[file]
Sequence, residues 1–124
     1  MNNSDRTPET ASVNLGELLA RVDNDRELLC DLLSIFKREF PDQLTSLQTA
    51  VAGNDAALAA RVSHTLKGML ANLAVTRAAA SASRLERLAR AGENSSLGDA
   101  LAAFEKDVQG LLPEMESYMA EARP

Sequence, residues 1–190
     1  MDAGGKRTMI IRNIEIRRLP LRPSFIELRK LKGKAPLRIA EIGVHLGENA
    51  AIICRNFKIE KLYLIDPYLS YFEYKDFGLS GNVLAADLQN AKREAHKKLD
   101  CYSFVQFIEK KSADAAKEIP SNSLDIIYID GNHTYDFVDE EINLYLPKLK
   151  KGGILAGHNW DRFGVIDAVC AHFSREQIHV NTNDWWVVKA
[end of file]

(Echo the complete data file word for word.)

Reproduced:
Sequence, residues 1–124
     1  MNNSDRTPET ASVNLGELLA RVDNDRELLC DLLSIFKREF PDQLTSLQTA
    51  VAGNDAALAA RVSHTLKGML ANLAVTRAAA SASRLERLAR AGENSSLGDA
   101  LAAFEKDVQG LLPEMESYMA EARP

Sequence, residues 1–190
     1  MDAGGKRTMI IRNIEIRRLP LRPSFIELRK LKGKAPLRIA EIGVHLGENA
    51  AIICRNFKIE KLYLIDPYLS YFEYKDFGLS GNVLAADLQN AKREAHKKLD
   101  CYSFVQFIEK KSADAAKEIP SNSLDIIYID GNHTYDFVDE EINLYLPKLK
   151  KGGILAGHNW DRFGVIDAVC AHFSREQIHV NTNDWWVVKA